Oscillating Economic Roles of Middle East Militaries: Comparative Inception Stories of Military Business in Turkey, Egypt and Israel.

By Marwa Maziad
Submitted to Session P5023 (Militaries of the Middle East: Politics and Economics, 2017 Annual Meeting
Intl Rltns/Aff
Egypt; Israel; Turkey;
Israel Studies; Political Economy; Security Studies; Turkish Studies;
LCD Projector without Audio;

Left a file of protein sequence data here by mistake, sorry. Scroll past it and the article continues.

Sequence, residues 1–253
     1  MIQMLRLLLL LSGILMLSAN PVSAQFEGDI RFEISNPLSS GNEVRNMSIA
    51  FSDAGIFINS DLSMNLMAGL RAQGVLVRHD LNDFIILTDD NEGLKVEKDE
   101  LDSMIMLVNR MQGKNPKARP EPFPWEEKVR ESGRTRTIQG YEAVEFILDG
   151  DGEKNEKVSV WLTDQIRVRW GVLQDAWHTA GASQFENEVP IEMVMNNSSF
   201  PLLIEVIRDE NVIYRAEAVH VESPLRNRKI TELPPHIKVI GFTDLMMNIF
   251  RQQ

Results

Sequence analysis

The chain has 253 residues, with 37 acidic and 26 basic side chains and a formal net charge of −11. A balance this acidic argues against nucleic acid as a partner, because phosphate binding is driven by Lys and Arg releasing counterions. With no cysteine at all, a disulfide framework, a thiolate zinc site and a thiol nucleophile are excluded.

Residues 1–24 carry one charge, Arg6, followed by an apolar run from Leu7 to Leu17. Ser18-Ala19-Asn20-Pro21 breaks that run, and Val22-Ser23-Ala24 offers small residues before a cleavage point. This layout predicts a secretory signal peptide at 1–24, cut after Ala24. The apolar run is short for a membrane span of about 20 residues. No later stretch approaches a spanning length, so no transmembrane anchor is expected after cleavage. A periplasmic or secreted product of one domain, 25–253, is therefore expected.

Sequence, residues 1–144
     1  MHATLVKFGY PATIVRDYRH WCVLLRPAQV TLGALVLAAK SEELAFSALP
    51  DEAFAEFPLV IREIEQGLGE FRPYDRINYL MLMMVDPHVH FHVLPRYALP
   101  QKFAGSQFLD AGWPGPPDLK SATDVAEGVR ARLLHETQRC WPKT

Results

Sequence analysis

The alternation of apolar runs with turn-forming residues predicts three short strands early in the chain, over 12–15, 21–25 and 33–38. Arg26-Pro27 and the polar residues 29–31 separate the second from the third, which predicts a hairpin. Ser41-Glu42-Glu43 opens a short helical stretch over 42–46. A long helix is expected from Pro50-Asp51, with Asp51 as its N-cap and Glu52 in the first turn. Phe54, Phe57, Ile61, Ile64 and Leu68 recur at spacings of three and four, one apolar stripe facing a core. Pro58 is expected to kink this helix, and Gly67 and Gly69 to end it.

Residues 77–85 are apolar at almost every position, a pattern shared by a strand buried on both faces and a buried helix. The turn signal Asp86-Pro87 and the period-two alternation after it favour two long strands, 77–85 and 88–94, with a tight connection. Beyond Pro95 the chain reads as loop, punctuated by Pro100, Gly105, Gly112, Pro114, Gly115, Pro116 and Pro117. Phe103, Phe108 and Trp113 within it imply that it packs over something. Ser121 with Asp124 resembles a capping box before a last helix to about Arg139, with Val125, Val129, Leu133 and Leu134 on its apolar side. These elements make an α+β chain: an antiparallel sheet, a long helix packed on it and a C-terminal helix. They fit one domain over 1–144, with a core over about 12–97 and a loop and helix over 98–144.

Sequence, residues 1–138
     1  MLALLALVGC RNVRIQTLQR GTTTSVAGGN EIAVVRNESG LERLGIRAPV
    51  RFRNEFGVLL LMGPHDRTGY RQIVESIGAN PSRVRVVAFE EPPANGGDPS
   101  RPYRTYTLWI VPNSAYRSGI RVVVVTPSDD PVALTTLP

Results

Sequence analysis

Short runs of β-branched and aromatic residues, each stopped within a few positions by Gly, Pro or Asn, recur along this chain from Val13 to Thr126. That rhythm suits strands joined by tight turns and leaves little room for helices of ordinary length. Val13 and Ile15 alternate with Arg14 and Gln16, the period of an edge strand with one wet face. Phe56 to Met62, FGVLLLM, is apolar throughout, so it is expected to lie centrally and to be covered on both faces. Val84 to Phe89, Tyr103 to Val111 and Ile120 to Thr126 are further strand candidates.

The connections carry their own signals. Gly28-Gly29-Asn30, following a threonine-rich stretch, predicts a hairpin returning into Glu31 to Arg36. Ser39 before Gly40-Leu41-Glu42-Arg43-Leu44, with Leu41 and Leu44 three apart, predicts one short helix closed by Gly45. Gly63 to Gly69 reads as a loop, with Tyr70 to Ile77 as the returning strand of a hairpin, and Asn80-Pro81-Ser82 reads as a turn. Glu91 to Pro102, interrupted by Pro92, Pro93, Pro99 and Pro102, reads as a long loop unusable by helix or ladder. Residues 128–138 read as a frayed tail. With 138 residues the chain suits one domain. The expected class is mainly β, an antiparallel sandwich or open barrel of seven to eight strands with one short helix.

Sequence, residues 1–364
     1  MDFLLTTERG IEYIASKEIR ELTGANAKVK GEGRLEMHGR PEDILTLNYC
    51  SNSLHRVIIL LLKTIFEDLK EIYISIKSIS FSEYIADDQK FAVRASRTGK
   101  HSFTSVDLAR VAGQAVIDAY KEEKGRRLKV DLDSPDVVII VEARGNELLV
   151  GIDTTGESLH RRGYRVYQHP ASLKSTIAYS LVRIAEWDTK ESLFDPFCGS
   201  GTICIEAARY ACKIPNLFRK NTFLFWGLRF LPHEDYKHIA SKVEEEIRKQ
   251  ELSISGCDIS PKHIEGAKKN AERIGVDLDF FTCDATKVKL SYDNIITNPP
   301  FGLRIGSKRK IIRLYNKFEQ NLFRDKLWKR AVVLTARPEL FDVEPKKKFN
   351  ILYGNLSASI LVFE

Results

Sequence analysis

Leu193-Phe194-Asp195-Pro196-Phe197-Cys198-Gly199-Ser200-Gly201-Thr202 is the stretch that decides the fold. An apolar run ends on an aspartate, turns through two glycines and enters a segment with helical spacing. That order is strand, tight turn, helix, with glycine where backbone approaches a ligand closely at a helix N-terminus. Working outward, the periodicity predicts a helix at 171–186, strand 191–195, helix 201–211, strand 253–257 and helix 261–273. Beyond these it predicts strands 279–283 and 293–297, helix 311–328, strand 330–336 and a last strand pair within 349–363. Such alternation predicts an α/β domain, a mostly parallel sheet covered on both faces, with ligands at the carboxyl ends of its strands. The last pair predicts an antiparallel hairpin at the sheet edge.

The militaries’ economic role(s) in the Middle East have attracted much attention since the 2011 Arab uprisings. Specifically, The Egyptian Armed Forces (EAF) had been singled out as running a “business empire” with an incredibly wide-ranged statistic of “5-40% of the economy,” circulating in the literature. Obviously, one should ask is the military business market share as small as 5% or as big as 40% then? Or, more reasonably, has that share been oscillating and not monolithically the same, since 1952, as the literature currently have us believe? In triangulating the evidence to address the question of Middle East militaries' economic roles, this paper locates Turkey, Egypt and Israel together within the general political-economy phenomenon of the oscillation that took place as the three countries transitioned from welfare states with state-led enterprises into experimentations in free market economy. No study has paired these three countries’ trajectories together to systematically show similarities and differences. More specifically, the paper argues that in establishing the National Service Products Organization (NSPO) in 1978, to perform post-Peace Treaty developmental economic activities, Egypt was only mimicking a similar establishment of Turkey’s own Armed Forces Pension Fund (OYAK) of 1960, that was set, by law, following mutiny in the Turkish military, against Menderes policies that in the name of civilian control, cut resources for the military as a class, albeit within an overall entrepreneurially rising Turkish bourgeoisie in the 1950s. Sadat avoided such civil-military agitations by re-defining the military’s “developmental role” in a peace economy, thereby adopting aspects of Turkey’s model. Moreover, the Egypt’s military is equally compared to two traditions of “self-sufficiency” and “strategic sectors” of the Israeli Defense Forces (IDF), that currently dominate the High Tech business as a “strategic domain.” Thus, in this paper’s conceptualization, the three countries are to be understood within a Dynamic Regional Order that includes practices in the Middle East at large. The paper locates the very paradox of three armies’ contemporary neoliberal economic enterprises in the longer historical trajectory of war and peace economies; developmental and “modernization” literature; and recommendations for what was deemed “sound civil-military relations,” back at the time. The research findings tell, in in novel ways, the shared inception stories of military economic enterprises and their current contemporary perils. Methods for this comparative research design include examining primary documents, laws, media coverage, and anthropological ethnographic fieldwork interviewing in Turkey, Egypt and Israel on research trips (2011-2016).